The recent political chatter about “Obamacare” before the Supreme Court of the United States got a great deal of media attention. President Obama added fuel to the fire when he declared, “Ultimately, I am confident the Supreme Court will not take what would be an unprecedented, extraordinary step of overturning a law that was passed by a strong majority of a democratically elected Congress.”
For someone who was a law professor those words were absurd. Even if a bill passed unanimously in the house and senate, it could still be overturned – if the law was in violation of the Constitution.
Giving up is not “reform.” County Executive Ed Mangano’s proposal to transfer property assessment from the county to the towns might possibly speed up assessment decisions by replacing one large and overwhelmed bureaucracy with several somewhat smaller ones. It will likely recreate problems that were major motivations in creating our highly centralized county government 75 years ago.
The 1938 county charter merged the town Boards of Assessors and the County Board of Equalization, ending three decades of complaints, lawsuits and hard feelings about the lack of specific, uniform levels of property assessments between the towns. In a tax system screaming out for simplification, clarification and a sense of certainty, spinning off assessments to the towns will reintroduce “equalization” as an annual issue. Tens of thousands of residents are still trying to figure out why their assessment went down but their tax bill still went up. The division of taxes heading up the tax food chain in an equitable manner is the most complex subject in local government, and it’s all going to make people very sad, particularly in villages and school districts that are split between townships.
Manhattan District Attorney (D.A.) Robert Morgenthau was facing a spirited Democratic primary challenge from a former judge in 2005, but his opponent had trouble finding anything substantively negative to say about Morgenthau.
The reason I know this: a city-based tabloid newspaper reporter called me weeks before the election, asking whether it was legal to have a Manhattan driver’s license while at the same time registering and insuring a car in Dutchess County, where auto insurance premiums are much lower. The answer: yes, so long as the insured vehicle is primarily garaged in Dutchess County. I was the director of public affairs for the New York State Insurance Department at the time and knew immediately the question pertained to Morgenthau because he met those criteria.
Written by Mike Barry, Mfbarry@Optonline.Net Wednesday, 23 January 2013 11:00
Few issues animate political junkies more than redistricting, the redrawing of legislative district (LD) boundaries in accordance with the most recent U.S. Census.
The 19-member Nassau County Legislature is expected to adopt no later than March 2013 a map that will determine the communities falling within each of the county’s 19 LDs starting with the November 2013 election, and the next 10 years after that. County legislators serve two-year terms.
There are various proposals, but with Republicans holding the majority in the legislature, it is not an unreasonable assumption that a GOP-drawn map will be adopted. And the latest map from the Republicans has been controversial, to say the least.
The Republicans were not supposed to be the majority party in 2013 in Mineola, at least not according to the Democrats who sat in the county Legislature in 2003. The Democrats held a 10-9 legislative majority a decade ago and adopted 19 LD boundaries aimed at allowing them to hold, or expand, that advantage. Things went well for the county’s Democrats at the polls in 2005 and 2007 but the GOP regained an 11-8 majority in 2009, something the Republicans barely held onto in 2011. Today, the GOP holds a 10-9 edge in Mineola.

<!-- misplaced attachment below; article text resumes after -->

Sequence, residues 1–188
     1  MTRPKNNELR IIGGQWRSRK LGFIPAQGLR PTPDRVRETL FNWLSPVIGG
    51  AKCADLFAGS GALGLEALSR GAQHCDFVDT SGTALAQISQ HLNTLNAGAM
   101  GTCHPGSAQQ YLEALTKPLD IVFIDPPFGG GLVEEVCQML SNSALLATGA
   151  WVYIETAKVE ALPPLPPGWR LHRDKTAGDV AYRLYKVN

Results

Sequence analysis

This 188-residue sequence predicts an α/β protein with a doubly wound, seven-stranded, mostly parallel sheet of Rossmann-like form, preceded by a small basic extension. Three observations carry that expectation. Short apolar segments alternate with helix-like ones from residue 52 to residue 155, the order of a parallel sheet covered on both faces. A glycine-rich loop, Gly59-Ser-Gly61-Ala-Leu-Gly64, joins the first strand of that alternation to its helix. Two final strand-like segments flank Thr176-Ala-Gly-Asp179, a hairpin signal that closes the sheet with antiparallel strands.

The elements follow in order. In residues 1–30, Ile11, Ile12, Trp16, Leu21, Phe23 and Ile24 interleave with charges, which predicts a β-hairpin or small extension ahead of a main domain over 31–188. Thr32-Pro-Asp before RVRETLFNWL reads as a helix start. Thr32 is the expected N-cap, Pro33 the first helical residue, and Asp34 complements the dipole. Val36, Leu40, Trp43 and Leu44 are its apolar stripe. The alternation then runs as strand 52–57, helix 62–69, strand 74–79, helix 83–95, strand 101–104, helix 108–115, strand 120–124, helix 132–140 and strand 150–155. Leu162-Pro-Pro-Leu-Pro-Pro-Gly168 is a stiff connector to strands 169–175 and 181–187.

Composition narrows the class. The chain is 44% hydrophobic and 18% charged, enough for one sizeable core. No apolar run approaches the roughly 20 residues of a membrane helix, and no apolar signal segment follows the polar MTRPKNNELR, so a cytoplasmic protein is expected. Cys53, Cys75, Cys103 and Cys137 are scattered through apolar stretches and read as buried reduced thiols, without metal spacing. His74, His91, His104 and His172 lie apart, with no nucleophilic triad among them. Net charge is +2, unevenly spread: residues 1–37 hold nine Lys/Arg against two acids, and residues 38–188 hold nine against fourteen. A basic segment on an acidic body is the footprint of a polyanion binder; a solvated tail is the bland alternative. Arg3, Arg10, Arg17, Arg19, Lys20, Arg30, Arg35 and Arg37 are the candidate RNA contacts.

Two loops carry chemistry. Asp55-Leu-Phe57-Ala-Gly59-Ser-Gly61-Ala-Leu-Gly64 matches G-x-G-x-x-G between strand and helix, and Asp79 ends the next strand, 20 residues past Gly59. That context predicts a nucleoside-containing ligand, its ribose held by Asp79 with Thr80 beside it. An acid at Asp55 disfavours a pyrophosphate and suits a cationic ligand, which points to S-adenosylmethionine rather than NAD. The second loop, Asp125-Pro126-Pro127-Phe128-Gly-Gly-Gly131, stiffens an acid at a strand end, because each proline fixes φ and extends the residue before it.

Overall, in its 18 years of existence, the county Legislature has been for the most part closely divided. The Democrats were in the majority for 10 years, and the GOP has called the shots for eight years (1996-1999, 2010-2013).
Each party’s map-making plans in 2013 are aimed at leaving most entrenched incumbents on both sides of the aisle alone while targeting the electoral demise of newer legislators, making them run for office in communities where their name recognition was either low or non-existent.
This time around, Legislator Delia DeRiggi-Whitton (D-Glen Cove) meets that criterion for the Republicans. She was narrowly elected in 2011. DeRiggi-Whitton represents what is today the county’s 18th LD. Under the Republican plan, Glen Cove is divided into separate legislative districts. Whitton lives in what would be the 16th LD, under the GOP proposal. This district would have the western part of Glen Cove, dip south through Sea Cliff and extend east to Plainview and the Suffolk County border. Current legislator Judy Jacobs (D-Woodbury) would fall into the same district as Whitton.
Legislator Michael Venditto (R-Massapequa) won election in November 2012 to fill the one year remaining in the late Presiding Officer Peter Schmitt’s term. The GOP proposal would keep his district relatively secure. However, a portion of South Farmingdale would be added, while North Massapequa would shift to another district. This leaves Legislator Joe Belesi (R-Farmingdale) in the same district as Venditto. Belesi narrowly unseated David Mejias in 2009, and then held on to his position with a razor-thin margin in 2011. The balance of power in the county legislature has in recent years hinged largely on elections in this LD. The GOP proposal would take this district out of play, as neighboring districts that lean Republican would swallow it up.
Given that the county spends $2.8 billion a year, control over its expenditures is worth fighting for, even when that power must be shared with the Nassau Interim Finance Authority, a state agency. Drawing the maps is where the battle begins.